I thought I would start with a beautiful bunch of pink roses and baby hydrangeas I got for my Valentine’s table scape that you can see Here. After I was done with my table scape, I arranged them in this simple white pitcher (below) and they were a beautiful sight for sore eyes on our breakfast table for a few days. Of course the roses didn’t last long in comparison to the hydrangeas (with the exception of one late bloomer) but they were all gorgeous together while the roses were still with us…

pink roses baby white hydrangeas boquet white pitcher

After the roses were past their prime, I arranged the hydrangeas in my favorite wood grain inspired vase from Home Goods and placed them on my coffee table. Each time I rearrange  flowers in a new vase I always use fresh water along with the flower food packets (it’s called alum) that usually come bundled with your flowers. I actually get extra packets from my local market floral department as they always seem happy to give them out if you just ask. From this bunch I finally had one that pooped out on me about a week in so this is where I will share with you the process I use as soon as they arrive home with me, and each time I change out the water. But first, here is a picture of that pooped hydrangea and then I will document how I brought it back to it’s happy place…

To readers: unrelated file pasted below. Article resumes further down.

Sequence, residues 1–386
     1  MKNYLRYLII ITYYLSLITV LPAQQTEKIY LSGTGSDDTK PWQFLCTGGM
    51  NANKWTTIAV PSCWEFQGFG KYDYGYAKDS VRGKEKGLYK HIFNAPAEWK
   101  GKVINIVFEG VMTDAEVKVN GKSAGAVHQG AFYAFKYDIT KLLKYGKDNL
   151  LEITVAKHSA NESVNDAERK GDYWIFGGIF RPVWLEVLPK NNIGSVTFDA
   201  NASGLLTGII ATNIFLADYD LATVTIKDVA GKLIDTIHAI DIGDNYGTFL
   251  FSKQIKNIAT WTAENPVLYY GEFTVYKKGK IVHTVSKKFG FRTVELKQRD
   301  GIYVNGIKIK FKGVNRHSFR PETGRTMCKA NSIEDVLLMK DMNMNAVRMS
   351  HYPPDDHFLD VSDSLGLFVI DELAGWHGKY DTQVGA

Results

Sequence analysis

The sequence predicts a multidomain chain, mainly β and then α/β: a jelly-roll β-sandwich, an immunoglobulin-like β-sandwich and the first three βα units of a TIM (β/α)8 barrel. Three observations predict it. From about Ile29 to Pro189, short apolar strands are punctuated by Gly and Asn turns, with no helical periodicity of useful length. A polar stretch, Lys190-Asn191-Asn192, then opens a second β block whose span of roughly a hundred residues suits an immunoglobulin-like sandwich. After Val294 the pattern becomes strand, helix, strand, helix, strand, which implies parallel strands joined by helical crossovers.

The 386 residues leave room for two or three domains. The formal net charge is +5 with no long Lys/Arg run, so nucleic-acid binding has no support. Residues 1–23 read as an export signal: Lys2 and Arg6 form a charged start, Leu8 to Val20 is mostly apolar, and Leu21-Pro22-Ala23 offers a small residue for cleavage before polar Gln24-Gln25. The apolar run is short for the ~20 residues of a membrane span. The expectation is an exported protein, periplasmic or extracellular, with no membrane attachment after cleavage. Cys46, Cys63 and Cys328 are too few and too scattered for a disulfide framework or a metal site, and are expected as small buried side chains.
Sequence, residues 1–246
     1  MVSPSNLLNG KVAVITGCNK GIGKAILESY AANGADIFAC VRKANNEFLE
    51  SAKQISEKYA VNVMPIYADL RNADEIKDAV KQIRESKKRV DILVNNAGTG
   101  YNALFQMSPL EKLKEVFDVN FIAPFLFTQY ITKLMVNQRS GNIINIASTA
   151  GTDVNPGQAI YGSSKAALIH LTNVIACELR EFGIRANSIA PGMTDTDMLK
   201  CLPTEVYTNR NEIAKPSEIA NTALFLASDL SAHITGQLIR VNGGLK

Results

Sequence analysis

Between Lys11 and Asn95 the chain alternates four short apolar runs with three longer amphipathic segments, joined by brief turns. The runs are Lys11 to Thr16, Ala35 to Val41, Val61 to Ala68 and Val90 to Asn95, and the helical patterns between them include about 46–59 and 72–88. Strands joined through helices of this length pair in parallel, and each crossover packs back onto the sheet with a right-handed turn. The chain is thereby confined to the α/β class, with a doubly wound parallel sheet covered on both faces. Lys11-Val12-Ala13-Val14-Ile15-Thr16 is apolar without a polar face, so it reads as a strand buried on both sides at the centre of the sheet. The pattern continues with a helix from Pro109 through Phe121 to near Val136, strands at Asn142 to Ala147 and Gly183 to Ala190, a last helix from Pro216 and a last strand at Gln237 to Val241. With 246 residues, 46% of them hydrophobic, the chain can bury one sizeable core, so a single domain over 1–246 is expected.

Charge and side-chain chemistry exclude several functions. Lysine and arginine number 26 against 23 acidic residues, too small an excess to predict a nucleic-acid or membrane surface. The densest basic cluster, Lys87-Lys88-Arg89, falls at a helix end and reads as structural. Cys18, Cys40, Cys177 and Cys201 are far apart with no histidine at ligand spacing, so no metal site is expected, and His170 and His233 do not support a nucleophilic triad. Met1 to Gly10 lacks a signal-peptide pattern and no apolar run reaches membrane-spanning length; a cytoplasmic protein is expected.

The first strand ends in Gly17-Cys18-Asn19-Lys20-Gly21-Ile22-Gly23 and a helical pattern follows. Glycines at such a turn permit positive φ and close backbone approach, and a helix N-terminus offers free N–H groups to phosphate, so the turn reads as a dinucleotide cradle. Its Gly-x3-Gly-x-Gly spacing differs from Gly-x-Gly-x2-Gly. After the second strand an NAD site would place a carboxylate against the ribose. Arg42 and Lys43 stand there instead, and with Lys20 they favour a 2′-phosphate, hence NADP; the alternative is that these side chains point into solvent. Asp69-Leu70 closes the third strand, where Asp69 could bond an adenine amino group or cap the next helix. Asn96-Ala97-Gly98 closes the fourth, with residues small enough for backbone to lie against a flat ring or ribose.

Wilted Hydrangea2

Not very pretty, huh?  Well, here is my process and remember…each step is crucial if you want to keep them alive and lovely for a long time:

Don't miss the tip

  1.  Pour 1 packet of fresh flower food (found here) into your vessel.
  2. Add fresh clean water on top of the alum to dissolve. If you have R.O. water (Reverse Osmosis Water) at your sink like I do I would advise using this water as it’s going to be better quality water than the water in your main faucet.
  3. Remove any major leaves below your water line.  I do however like to keep a few leaves if they are near the top of the stem because I think the contrast in greenery makes the arrangement even prettier.